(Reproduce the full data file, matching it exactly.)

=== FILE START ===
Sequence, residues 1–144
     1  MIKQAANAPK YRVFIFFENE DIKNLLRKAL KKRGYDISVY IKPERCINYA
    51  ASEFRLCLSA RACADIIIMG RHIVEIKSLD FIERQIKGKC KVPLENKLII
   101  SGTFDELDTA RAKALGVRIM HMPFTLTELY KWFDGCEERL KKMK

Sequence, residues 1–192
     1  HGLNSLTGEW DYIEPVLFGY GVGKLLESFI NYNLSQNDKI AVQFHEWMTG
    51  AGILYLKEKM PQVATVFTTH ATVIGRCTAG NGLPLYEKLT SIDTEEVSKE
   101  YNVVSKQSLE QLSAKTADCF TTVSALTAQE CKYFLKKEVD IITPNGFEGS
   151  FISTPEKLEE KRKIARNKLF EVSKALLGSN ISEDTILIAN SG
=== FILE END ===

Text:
Sequence, residues 1–144
     1  MIKQAANAPK YRVFIFFENE DIKNLLRKAL KKRGYDISVY IKPERCINYA
    51  ASEFRLCLSA RACADIIIMG RHIVEIKSLD FIERQIKGKC KVPLENKLII
   101  SGTFDELDTA RAKALGVRIM HMPFTLTELY KWFDGCEERL KKMK

Sequence, residues 1–192
     1  HGLNSLTGEW DYIEPVLFGY GVGKLLESFI NYNLSQNDKI AVQFHEWMTG
    51  AGILYLKEKM PQVATVFTTH ATVIGRCTAG NGLPLYEKLT SIDTEEVSKE
   101  YNVVSKQSLE QLSAKTADCF TTVSALTAQE CKYFLKKEVD IITPNGFEGS
   151  FISTPEKLEE KRKIARNKLF EVSKALLGSN ISEDTILIAN SG